Price Discovery in Illiquid Markets: Do Financial Asset Prices Rise Faster Than They Fall?


  • Richard C. Green is with the Tepper School of Business at Carnegie Mellon University, Dan Li is with the Board of Governors of the Federal Reserve System, and Norman Schürhoff is with the Faculty of Business and Economics at University of Lausanne, Swiss Finance Institute, and CEPR. The third author acknowledges research support from the Swiss Finance Institute and from NCCR FINRISK of the Swiss National Science Foundation. Seminar participants at Arizona State, Carnegie Mellon, Columbia, George Mason, Lausanne, Miami, Oklahoma, Oxford, and Wharton provided helpful comments and guidance. We greatly appreciate the feedback from our discussants Larry Harris, Adam Kolasinski, and Bruce Lehmann and conference participants at the AFA 2009, EFA 2008, and 2nd Workshop on Financial Market Quality. An anonymous referee and Associate Editor, along with the Editor, Campbell Harvey, have done much to improve the paper. We thank Tal Heppenstall, J.C. Stilley, and Jim Konieczny of University of Pittsburgh Medical Center for conversations that alerted us to the problems studied in this paper.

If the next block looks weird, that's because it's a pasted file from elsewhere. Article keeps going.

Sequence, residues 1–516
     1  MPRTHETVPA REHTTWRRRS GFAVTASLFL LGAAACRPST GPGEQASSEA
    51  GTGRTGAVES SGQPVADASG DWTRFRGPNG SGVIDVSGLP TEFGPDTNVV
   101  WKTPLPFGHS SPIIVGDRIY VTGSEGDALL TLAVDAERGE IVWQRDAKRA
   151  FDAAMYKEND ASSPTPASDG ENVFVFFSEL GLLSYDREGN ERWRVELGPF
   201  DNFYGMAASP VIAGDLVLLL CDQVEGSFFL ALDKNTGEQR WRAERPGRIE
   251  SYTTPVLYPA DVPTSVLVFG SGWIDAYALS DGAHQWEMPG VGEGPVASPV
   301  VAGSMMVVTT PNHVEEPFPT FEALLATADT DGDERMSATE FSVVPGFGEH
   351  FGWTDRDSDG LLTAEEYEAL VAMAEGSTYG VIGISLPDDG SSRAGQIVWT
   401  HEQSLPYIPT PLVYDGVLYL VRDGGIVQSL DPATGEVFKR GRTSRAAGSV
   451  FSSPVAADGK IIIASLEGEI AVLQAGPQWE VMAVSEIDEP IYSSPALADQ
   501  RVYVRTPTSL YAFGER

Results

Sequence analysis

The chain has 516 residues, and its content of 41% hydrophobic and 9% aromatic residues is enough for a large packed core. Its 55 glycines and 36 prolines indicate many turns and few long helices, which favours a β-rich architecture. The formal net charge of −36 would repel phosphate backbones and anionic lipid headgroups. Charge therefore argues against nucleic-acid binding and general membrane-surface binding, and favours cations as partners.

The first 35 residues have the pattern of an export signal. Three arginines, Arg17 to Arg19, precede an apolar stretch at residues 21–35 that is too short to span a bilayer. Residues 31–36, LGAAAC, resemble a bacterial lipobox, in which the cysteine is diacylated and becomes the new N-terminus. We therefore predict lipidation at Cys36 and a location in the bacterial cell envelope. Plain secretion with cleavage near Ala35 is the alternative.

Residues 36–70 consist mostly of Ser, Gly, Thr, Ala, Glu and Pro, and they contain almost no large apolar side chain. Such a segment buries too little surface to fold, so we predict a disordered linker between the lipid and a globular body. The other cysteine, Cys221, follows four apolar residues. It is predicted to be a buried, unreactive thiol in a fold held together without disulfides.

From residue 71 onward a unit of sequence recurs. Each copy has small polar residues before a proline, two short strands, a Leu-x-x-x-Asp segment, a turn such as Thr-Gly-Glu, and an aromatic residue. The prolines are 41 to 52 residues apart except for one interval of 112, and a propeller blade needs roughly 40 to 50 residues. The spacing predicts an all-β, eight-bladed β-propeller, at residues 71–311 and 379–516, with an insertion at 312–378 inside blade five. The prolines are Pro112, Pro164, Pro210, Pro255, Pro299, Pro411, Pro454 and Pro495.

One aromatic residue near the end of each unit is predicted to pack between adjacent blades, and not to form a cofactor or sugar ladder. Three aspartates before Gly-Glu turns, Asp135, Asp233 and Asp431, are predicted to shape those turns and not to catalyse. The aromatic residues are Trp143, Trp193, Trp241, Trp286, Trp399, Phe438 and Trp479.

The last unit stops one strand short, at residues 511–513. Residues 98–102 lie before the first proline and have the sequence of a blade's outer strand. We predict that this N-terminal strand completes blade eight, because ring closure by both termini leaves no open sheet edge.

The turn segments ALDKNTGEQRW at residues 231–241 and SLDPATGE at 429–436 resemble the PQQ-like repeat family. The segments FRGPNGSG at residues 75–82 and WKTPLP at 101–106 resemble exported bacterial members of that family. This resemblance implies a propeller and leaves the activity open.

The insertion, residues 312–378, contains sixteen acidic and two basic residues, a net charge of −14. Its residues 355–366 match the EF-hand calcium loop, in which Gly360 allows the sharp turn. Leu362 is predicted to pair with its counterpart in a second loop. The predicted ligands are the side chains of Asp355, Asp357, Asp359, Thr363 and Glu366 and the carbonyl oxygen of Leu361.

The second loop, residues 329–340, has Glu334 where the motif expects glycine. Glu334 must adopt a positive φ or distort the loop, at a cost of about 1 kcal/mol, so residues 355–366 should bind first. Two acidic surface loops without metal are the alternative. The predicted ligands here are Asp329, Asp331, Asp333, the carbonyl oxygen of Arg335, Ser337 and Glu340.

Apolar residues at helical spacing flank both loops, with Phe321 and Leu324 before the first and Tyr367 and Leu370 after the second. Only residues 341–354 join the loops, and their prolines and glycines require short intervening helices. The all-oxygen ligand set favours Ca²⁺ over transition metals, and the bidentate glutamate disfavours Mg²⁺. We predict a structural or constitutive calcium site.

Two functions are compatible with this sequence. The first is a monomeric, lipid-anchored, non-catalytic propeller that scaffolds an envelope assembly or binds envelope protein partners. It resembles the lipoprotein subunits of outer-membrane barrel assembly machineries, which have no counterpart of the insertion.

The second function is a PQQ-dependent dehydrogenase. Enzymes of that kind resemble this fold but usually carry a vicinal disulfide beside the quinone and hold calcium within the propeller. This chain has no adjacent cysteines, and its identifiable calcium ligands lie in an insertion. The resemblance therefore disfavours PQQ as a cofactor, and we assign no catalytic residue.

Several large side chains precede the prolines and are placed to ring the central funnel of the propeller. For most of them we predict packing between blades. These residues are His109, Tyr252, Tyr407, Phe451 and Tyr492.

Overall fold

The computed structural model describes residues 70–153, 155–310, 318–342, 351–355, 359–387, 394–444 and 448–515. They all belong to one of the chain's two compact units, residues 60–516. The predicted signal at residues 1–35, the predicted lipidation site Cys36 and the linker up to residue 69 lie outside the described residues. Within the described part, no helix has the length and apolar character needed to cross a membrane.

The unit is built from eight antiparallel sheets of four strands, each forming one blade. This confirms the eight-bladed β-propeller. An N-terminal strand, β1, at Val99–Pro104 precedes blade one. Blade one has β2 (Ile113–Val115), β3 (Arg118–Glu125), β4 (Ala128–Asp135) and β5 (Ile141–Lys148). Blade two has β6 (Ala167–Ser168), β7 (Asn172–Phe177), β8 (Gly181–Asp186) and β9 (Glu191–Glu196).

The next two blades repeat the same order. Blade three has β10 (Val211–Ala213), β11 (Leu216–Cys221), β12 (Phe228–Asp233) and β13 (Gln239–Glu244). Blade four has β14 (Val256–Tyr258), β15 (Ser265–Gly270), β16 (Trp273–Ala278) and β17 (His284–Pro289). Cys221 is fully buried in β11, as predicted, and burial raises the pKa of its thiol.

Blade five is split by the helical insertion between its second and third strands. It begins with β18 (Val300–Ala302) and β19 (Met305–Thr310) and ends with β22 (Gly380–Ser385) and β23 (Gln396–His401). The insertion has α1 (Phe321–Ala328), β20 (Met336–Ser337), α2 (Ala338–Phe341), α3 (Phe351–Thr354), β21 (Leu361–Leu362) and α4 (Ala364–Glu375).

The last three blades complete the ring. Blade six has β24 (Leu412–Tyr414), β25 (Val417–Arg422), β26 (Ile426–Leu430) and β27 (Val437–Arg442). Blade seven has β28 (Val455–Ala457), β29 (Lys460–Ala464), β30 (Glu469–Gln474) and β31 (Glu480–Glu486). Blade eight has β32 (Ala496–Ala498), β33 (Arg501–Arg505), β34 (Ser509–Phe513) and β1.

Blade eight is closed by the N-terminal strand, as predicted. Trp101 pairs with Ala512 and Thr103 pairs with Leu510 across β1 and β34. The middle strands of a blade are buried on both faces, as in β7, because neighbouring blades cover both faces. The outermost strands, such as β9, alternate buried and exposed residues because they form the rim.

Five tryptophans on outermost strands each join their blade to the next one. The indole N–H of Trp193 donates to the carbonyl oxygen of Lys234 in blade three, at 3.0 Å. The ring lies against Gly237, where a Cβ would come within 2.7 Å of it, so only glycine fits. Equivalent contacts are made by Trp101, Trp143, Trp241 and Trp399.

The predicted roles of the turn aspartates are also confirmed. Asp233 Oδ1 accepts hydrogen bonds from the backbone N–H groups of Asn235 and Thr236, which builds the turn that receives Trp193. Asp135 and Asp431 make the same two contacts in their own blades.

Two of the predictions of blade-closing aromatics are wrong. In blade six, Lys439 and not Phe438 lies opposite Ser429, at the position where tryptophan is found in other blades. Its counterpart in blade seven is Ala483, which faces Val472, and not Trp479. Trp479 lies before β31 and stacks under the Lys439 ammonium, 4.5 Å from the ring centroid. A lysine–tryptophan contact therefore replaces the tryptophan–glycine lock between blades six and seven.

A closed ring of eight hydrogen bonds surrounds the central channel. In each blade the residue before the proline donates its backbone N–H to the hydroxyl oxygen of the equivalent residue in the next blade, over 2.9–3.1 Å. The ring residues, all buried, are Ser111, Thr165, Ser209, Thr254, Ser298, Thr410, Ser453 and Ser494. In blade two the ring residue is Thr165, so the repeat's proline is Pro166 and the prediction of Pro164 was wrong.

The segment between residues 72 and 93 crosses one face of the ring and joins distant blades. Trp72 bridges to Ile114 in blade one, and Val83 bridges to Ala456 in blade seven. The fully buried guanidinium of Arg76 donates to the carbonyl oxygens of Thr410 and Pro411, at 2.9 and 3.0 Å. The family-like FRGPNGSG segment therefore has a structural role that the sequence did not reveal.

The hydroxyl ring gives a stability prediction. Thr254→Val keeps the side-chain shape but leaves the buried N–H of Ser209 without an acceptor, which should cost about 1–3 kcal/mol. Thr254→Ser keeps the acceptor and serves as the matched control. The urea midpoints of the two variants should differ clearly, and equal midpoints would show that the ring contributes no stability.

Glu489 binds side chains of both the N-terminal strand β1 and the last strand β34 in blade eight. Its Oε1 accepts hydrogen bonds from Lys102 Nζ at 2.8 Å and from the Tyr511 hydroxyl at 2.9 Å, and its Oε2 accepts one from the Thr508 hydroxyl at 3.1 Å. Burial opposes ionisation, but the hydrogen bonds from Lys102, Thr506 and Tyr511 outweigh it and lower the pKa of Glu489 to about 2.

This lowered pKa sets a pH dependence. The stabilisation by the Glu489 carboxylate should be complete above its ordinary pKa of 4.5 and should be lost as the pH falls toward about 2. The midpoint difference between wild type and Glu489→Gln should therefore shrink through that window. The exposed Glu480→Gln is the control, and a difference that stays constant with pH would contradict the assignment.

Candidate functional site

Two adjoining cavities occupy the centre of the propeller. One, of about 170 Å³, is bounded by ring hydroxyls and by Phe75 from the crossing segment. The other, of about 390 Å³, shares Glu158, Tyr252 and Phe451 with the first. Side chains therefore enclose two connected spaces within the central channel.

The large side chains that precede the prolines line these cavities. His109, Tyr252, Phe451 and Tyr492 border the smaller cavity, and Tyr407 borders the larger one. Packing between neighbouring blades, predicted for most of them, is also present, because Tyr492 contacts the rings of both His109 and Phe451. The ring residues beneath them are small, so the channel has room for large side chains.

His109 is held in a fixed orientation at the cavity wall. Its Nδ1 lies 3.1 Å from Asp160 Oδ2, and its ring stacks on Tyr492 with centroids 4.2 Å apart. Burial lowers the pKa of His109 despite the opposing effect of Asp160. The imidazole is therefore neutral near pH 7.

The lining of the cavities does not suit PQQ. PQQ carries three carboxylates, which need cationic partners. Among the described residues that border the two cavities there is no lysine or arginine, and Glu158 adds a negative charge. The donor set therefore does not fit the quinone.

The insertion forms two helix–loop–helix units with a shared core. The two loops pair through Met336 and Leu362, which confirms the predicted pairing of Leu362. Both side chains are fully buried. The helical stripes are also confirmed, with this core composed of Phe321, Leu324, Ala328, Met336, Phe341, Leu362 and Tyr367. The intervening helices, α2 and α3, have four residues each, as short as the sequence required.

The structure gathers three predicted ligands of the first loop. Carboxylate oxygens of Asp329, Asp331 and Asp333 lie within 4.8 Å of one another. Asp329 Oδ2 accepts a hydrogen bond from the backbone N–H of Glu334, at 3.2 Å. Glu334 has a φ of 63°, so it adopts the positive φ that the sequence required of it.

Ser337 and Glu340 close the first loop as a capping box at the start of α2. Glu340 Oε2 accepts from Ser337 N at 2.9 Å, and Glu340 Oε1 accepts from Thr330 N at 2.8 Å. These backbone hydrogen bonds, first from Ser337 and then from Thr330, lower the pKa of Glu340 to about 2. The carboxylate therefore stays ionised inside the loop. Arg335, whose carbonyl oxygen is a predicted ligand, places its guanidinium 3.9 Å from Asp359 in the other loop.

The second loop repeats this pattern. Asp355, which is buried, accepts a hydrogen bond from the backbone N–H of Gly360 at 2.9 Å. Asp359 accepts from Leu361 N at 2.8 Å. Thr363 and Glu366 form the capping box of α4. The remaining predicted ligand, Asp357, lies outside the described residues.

We study price discovery in municipal bonds, an important OTC market. As in markets for consumer goods, prices “rise faster than they fall.” Round-trip profits to dealers on retail trades increase in rising markets but do not decrease in falling markets. Further, effective half-spreads increase or decrease more when movements in fundamentals favor dealers. Yield spreads relative to Treasuries also adjust with asymmetric speed in rising and falling markets. Finally, intraday price dispersion is asymmetric in rising and falling markets, as consumer search theory would predict.